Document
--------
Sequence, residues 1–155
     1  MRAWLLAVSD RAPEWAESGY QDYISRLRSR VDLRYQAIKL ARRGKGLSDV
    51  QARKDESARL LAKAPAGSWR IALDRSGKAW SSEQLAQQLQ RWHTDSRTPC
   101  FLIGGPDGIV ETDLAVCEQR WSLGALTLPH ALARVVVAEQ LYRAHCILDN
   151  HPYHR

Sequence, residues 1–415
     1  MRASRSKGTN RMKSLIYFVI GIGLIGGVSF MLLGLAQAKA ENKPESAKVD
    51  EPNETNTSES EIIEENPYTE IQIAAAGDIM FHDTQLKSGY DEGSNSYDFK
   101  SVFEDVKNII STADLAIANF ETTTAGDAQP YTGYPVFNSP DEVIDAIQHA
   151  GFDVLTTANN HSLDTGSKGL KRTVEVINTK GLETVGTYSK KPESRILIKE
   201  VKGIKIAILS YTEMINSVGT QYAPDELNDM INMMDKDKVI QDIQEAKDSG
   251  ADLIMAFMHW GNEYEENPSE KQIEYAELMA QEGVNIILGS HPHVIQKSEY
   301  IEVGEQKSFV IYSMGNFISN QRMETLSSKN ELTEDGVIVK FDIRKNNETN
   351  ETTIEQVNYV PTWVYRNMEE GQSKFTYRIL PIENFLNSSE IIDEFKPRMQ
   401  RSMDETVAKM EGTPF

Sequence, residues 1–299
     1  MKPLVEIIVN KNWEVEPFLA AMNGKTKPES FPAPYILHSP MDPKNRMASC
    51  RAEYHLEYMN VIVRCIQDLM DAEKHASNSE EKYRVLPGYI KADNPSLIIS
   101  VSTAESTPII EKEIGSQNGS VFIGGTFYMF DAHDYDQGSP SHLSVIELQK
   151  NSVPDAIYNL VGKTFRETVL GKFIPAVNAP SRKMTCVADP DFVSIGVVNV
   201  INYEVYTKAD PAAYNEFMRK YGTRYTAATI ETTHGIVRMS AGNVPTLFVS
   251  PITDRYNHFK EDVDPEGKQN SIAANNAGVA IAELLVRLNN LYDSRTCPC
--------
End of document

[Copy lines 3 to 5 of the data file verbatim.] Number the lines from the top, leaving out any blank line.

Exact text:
    51  QARKDESARL LAKAPAGSWR IALDRSGKAW SSEQLAQQLQ RWHTDSRTPC
   101  FLIGGPDGIV ETDLAVCEQR WSLGALTLPH ALARVVVAEQ LYRAHCILDN
   151  HPYHR